How to Help Community Members Advance

Although you should prioritize relationships over status, Vogl says it’s natural to want to continue growing as a person and advancing within a community. He makes a few recommendations that can help community members make healthy progress. Note that these principles apply to both offline and online communities.

First, develop a healthier definition of success within your community. This involves recognizing several different levels of success within the community—lower, higher, and highest levels—and bestowing members with progressively greater privileges as they graduate from one level to the next. That way, you don’t have to be the best of the best for your growth to be honored. Vogl also explains that not everyone can or should reach the highest levels of a community—every level is equally important because everyone within the community brings something unique and valuable to the table. Once you find a level that’s comfortable, it’s okay to stay there; you don’t have to keep advancing just for the sake of achievement.

Second, clarify advancement criteria. Vogl says that the best goal a community can have is to expand members’ capacity for care. The newest members of a community might be concerned primarily with developing their own skills and character, but more experienced members concern themselves with helping newer members grow—and members of the highest levels of the community are concerned with promoting the wellbeing of everyone in the world. The more caring you become, the higher the level you can reach. Other qualifications for advancement—like mastery of certain skills—should also be made clear, and members’ qualifications should be appraised before they’re allowed to formally advance.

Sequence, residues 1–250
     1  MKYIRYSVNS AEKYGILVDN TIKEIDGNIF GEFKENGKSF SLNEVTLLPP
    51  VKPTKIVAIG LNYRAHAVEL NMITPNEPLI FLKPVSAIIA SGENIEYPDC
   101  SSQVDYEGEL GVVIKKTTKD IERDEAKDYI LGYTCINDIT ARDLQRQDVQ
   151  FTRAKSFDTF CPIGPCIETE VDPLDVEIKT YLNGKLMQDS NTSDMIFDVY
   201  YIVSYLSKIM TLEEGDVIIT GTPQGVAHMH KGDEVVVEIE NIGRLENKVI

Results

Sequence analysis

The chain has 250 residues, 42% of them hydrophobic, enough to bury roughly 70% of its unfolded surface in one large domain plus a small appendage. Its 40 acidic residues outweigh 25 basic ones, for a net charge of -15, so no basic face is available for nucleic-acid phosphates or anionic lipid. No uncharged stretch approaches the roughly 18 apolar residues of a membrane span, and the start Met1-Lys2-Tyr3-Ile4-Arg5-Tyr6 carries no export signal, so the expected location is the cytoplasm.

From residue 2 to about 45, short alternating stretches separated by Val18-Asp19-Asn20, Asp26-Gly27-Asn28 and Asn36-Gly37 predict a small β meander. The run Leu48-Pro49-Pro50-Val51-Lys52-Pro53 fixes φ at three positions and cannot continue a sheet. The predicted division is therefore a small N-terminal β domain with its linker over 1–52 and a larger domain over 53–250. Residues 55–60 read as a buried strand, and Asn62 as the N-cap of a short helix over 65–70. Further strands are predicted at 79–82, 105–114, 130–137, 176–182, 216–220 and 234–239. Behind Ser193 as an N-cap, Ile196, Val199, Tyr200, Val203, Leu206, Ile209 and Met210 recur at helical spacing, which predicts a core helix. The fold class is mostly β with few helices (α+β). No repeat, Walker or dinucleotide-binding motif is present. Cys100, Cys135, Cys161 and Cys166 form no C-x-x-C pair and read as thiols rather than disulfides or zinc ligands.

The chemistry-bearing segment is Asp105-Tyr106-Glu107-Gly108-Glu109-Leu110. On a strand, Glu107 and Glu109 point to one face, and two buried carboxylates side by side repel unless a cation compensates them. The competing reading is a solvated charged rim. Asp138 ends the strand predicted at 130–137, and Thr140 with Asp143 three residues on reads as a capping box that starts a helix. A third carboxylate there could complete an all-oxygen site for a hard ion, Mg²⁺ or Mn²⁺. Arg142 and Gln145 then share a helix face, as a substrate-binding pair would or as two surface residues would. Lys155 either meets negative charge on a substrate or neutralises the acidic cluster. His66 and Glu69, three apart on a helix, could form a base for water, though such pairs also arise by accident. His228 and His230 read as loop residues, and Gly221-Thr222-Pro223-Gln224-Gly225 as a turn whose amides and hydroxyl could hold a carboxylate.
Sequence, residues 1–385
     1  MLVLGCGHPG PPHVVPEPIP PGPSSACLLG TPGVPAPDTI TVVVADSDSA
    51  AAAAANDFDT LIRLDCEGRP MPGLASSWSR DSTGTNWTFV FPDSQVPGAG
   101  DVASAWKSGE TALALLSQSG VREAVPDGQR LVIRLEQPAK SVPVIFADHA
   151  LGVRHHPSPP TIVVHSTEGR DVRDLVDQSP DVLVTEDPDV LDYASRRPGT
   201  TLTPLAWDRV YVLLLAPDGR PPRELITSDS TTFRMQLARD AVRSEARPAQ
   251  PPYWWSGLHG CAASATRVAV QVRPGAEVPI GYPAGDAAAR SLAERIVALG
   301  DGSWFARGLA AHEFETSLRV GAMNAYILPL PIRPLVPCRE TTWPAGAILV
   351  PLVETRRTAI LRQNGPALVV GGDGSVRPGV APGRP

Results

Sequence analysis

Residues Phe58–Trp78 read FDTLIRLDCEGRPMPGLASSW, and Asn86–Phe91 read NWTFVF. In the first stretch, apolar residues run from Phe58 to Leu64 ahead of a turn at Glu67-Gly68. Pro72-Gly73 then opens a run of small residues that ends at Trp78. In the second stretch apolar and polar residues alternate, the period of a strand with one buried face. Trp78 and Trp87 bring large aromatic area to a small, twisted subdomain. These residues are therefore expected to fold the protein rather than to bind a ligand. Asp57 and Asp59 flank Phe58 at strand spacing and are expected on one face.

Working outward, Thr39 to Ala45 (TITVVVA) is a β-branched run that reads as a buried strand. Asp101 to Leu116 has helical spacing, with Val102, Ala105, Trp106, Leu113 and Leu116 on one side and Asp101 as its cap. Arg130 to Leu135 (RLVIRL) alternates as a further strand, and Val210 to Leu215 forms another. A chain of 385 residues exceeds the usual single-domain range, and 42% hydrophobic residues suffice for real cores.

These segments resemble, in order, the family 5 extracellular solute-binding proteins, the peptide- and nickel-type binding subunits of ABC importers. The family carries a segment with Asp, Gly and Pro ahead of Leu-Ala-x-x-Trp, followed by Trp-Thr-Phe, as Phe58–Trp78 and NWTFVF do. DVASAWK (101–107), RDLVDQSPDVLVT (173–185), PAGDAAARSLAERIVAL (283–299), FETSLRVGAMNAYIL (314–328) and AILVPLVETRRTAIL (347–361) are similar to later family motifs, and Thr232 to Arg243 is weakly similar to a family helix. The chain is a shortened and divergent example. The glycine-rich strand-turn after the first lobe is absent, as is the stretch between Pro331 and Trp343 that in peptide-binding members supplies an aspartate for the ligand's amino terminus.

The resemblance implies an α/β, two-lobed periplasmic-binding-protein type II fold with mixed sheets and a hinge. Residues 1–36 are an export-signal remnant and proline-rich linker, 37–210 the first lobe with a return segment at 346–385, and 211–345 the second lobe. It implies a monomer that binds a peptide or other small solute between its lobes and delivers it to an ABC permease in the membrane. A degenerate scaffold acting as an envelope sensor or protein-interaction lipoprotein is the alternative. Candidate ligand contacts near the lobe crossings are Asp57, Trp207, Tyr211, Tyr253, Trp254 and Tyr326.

Third, Vogl says you should establish an infrastructure that can support growth. This means giving all interested members access to more experienced members who can teach them what they need to know if they’re going to advance to higher levels. Teaching can be formal (like a skills class) or informal (like experienced members sharing wisdom with newer members when they hang out). Vogl explains that this infrastructure should be easy to access—the purpose of a community is to support members’ growth, so if newer members feel that they can’t or don’t know how to learn from more experienced members, they’ll lose interest. Vogl adds that teaching supports the growth of more experienced members, too, because they’ll learn from their mentees.

The Role of Higher-Level Community Members

Vogl explains that because they’ve made more progress within the community, higher-level community members have greater power in three domains: They have the right to include or exclude members from the community based on their behavior, they preside over community customs, and they educate less experienced members about the community’s moral code. 

(Shortform note: Beyond these three powers, some experts argue that higher-level community members have other special capabilities, too. For example, in Dare to Lead, Brené Brown argues that leaders are uniquely responsible for promoting vulnerability within their communities, strengthening connections between community members, and inoculating their communities against failure.)